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Lamont Says Connecticut Farmers Need Emergency Help After Tropical Storm Elsa

Tropical Storm Elsa Flooding
Tyler Russell
Connecticut Public
A par-3 golf course is submerged by the overflowing Hockanum River in Vernon on July 9, 2021, due to flooding from Tropical Storm Elsa.

Gov. Ned Lamont asked the federal government Thursday to assist farmers who suffered crop damage due to Tropical Storm Elsa. In a letter to U.S. Department of Agriculture Secretary Tom Vilsack, the governor said high winds and heavy rains caused growers across the state “significant damage” and crop losses.

According to the letter, the National Weather Service recorded Elsa bringing winds between 39 mph and 42 mph across the state and up to 5 inches of rainfall.

Connecticut received a significant volume of rain both before and after Elsa, which further complicated matters.

“I don’t see this much rain being beneficial in any way,” said Shuresh Ghimire, an assistant extension educator and a vegetable specialist at UConn Extension. “Because the soil cannot hold all this rainfall and provide it in [the] future when there is potential drought.”

In addition to soil erosion and accelerating the arrival of certain plant diseases, Ghimire, who works with farmers across the state, said heavy rainfall and standing water pools create other ripple effects on farmers.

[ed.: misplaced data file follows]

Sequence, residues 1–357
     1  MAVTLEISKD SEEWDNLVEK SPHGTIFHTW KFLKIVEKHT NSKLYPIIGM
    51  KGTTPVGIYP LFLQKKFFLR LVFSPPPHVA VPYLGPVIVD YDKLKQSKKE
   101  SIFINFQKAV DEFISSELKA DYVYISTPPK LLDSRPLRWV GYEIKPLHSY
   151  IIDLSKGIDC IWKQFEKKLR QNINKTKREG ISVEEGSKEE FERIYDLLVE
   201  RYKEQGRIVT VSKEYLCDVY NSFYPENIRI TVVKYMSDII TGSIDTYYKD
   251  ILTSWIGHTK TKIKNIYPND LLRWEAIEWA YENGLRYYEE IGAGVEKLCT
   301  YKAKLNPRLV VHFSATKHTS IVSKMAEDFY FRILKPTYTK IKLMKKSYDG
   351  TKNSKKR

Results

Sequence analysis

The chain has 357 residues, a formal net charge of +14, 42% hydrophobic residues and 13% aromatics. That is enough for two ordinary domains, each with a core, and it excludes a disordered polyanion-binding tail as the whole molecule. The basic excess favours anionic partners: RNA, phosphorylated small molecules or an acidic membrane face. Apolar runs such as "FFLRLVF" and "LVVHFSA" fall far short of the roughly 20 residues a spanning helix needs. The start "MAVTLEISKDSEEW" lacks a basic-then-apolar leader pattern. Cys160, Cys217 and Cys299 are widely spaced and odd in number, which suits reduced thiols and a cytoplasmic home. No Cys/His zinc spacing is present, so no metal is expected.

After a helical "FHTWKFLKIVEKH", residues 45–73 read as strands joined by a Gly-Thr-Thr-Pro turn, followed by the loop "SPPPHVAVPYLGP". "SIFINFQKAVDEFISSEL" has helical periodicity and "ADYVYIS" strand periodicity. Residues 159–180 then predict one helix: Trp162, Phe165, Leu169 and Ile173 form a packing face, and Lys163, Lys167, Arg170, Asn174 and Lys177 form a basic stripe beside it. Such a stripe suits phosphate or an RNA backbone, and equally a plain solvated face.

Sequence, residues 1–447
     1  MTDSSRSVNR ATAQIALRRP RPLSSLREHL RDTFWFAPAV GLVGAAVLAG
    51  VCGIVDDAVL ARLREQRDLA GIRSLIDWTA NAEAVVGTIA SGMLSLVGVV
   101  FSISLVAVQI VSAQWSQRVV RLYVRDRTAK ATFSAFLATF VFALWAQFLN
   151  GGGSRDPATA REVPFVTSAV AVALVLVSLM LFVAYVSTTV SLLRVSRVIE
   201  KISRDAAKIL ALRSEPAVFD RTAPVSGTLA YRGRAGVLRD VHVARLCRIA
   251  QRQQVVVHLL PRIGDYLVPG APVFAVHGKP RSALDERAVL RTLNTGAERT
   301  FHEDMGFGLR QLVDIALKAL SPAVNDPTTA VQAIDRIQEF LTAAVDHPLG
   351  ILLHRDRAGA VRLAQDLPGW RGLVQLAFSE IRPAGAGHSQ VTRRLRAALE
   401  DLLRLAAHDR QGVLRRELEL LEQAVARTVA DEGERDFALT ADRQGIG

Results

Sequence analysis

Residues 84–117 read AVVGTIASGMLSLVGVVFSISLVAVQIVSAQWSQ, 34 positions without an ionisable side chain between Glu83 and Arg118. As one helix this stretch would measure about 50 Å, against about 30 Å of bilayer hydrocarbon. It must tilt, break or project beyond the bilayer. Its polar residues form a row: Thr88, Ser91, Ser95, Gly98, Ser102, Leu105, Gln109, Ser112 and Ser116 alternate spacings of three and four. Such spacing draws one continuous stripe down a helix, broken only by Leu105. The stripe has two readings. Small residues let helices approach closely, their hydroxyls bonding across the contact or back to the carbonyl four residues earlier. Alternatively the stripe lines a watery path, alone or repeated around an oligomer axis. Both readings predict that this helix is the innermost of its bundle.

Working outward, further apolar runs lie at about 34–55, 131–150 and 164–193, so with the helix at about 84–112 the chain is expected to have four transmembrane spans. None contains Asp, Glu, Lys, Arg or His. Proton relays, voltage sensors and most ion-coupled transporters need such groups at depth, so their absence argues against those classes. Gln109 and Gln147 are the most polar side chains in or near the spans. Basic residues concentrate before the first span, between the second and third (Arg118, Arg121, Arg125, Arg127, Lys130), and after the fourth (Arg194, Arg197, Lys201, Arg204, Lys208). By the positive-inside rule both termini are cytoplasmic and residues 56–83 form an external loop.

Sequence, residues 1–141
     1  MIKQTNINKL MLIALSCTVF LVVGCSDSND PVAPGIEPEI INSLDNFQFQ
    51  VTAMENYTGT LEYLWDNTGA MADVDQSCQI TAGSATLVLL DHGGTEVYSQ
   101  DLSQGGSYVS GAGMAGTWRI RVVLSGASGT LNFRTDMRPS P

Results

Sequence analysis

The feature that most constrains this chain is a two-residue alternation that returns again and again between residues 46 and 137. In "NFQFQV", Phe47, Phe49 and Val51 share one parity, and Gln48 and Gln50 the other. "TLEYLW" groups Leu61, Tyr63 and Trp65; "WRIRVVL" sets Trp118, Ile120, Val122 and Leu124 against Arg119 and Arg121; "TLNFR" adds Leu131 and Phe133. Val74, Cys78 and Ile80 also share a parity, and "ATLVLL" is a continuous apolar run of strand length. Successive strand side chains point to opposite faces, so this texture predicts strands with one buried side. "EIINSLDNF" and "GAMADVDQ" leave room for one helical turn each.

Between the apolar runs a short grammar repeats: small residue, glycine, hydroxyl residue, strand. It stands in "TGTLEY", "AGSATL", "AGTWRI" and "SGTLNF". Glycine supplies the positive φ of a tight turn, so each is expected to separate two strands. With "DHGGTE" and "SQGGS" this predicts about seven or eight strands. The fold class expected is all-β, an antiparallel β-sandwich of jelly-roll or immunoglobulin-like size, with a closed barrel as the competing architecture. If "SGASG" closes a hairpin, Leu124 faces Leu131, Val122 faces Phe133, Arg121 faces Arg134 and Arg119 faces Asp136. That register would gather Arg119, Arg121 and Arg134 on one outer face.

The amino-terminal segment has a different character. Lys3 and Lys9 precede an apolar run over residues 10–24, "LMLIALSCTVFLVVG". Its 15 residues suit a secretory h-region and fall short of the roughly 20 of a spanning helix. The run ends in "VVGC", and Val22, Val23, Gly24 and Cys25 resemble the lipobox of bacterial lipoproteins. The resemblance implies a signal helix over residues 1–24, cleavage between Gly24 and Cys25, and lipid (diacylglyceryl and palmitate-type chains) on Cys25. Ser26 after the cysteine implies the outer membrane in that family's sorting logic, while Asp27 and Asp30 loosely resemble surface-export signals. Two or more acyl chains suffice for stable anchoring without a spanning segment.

“Farmers can’t take their equipment into the field to do spraying for insect management,” he said. “So, you create more problem[s] when you’re not able to operate your equipment.”

In a statement, the governor’s office said if Lamont’s emergency request is approved, it would let farmers in all eight counties access emergency loans to cover production losses tied to Elsa.

“In the aftermath of Tropical Storm Elsa, the Connecticut Department of Agriculture worked in coordination with the USDA Farm Service Agency to ensure that producers reported damages and crop loss within the required timeframe,” Connecticut Agriculture Commissioner Bryan Hurlburt said in a statement. “The reports submitted indicate that damages and crop losses are significantly above the 30% trigger to request the declaration.

“If approved, this will provide assistance to eligible producers in approved counties to ensure they have the tools needed to continue for future seasons,” Hurlburt said.

Ghimire said the farms hardest hit were close to rivers or neglected to diversify and cover crops, control rainfall or rotate fields.

“We are seeing more and more of these extreme weather events,” Ghimire said. “Drought or too much rain and storms more frequently than before. So all farmers should be prepared.”

Patrick Skahill is a reporter and digital editor at Connecticut Public. Prior to becoming a reporter, he was the founding producer of Connecticut Public Radio's The Colin McEnroe Show, which began in 2009. Patrick's reporting has appeared on NPR's Morning Edition, Here & Now, and All Things Considered. He has also reported for the Marketplace Morning Report. He can be reached by phone at 860-275-7297 or by email: pskahill@ctpublic.org.

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